It’s a rare occasion that I support spamming a tag on Twitter. It gets annoying when looking for something specific (ie: Hillary Clinton’s confirmation of her candidacy in 2016) and all you see are people clogging up the tag with useless conversation and their opinions, which most of the time nobody actually cares about. However, there are certain occasions when trolling a tag is completely appropriate. As a good example, let’s discuss my personal favorite Twitter hashtag ever: #INeedMasculismBecause.
For those who don’t know what this means, think back to the late 1800’s when the term ‘feminism’ was coined in France and The Netherlands. From there, the concept spread and evolved, finally being accepted into American society in the early 20th century. While the idea was considered absurd in those times, it has exploded in our society to ensure the safety, freedom and equality of women. In response, many men felt belittled due to their lack of rights in our society. They felt oppressed by feminism and decided that they needed to fight back. With their new word “masculism” and a passion for picking a fight, the wonderful world of the Men’s Rights Association came to be. On its website, the MRA lays out its principles—most of which are pretty ridiculous from any point of view. To heighten awareness of its fight for men’s rights, the MRA started a hashtag on Twitter called #INeedMasculismBecause in response to #INeedFeminismBecause, which has had great success in outlining the major reasons why sexism is still an issue today. Some tweets found in the real tag were very serious about the topic including: “#INeedMasculismBecause many women want 20 orgasms a night like the ‘Sex and the City’ females”—@helplines “#INeedMasculismBecause Men shouldn’t be subject to women’s conflicting signals of attraction. Honesty would suffice”—@Man4Average
Thankfully, their plan backfired quickly. Within a day or so, the #INeedMasculismBecause tag became a playground for both male and female feminists. Sarcastic tweets exploded about the need for stronger feminism and women’s rights. Some comments hit harder than others, but all gave off the same message: MRA, your movement is ridiculous. One of my biggest problems with this whole situation centers around the fact that it should be nearly impossible to oppress a majority. For instance, it is nearly unheard of to say that white students on our campus are at a disadvantage because of their race. However, the current ratio of women to men actually tips ever so slightly in the direction of women, therefore making power distribution and every day rights the real controversies here. Some of my personal favorite tweets from the hashtag are also the most blunt in pointing out the flaws in our society. To quote a few: “#INeedMasculismBecause we have had way too many female Presidents of the United States”—@soulkhan “#INeedMasculismBecause I feel that my freedom to systematically dehumanize women with gendered slurs and broad generalizations is threatened”—@ponchopeligroso and my personal favorite: “#INeedMasculismBecause it’s easier to pronounce than misogynist”—@LordOfTheLosers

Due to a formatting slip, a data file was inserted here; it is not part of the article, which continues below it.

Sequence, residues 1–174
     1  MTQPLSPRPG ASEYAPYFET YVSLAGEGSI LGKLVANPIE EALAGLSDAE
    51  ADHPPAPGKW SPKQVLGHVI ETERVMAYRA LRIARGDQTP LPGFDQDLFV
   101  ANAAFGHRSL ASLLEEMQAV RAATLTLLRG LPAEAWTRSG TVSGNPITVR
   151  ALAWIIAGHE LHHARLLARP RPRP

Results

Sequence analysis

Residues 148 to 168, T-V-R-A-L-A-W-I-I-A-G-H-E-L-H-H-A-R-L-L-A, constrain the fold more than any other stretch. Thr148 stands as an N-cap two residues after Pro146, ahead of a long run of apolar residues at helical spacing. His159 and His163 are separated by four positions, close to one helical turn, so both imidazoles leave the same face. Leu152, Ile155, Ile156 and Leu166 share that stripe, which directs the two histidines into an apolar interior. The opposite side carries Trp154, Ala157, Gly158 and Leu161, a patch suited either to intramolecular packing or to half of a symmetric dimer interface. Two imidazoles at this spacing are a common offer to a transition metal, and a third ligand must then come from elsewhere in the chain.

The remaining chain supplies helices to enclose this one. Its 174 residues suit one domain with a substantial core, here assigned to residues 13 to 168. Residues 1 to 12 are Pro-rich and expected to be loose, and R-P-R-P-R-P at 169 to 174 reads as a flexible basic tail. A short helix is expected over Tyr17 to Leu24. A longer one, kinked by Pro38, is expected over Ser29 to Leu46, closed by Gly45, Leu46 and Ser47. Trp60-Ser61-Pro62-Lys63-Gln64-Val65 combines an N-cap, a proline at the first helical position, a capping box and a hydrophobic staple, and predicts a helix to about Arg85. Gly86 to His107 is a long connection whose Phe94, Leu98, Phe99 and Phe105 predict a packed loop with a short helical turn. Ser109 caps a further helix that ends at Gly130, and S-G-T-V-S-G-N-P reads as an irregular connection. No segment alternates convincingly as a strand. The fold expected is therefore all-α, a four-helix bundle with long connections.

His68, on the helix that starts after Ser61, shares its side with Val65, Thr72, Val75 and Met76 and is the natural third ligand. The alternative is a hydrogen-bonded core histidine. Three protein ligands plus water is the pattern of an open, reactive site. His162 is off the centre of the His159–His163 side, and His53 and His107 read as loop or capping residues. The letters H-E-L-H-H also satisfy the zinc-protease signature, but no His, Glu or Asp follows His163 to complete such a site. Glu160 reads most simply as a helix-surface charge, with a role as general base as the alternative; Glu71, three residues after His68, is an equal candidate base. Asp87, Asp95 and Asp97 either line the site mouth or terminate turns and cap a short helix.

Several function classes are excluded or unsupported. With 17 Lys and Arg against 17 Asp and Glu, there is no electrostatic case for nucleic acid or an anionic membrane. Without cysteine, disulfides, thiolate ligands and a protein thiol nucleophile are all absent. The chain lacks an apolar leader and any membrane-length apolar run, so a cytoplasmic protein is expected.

I want to assure you all that my goal here is not to say that men are not SOMETIMES oppressed, but much of their oppression stems from existing systems that oppress women. A man’s masculinity would not be “threatened” if femininity wasn’t already seen as inferior. My point is, despite how far our society has progressed, we are still not equal. The MRA needs to stop fighting for rights that they already have and recognize that they are not in danger of oppression. Instead, they are supporting sexism by stereotyping feminism as a concept purely based on sex and pleasing men. As someone who has been a self-proclaimed feminist since the age of 12, I’d like to clarify that the women’s rights movement is not all about sex. I want to work with men and not be judged beforehand based on my gender. I want to the opportunity to stand up for myself and for other women without being stereotyped as a “man-hating feminist.” I want my freedom as much as the MRA wants theirs. The difference is that they don’t have to fight for it and I do.
How do you feel about the use of Twitter? Do you think a masculinity movement is unnecessary? Please send all feedback to firstname.lastname@example.org.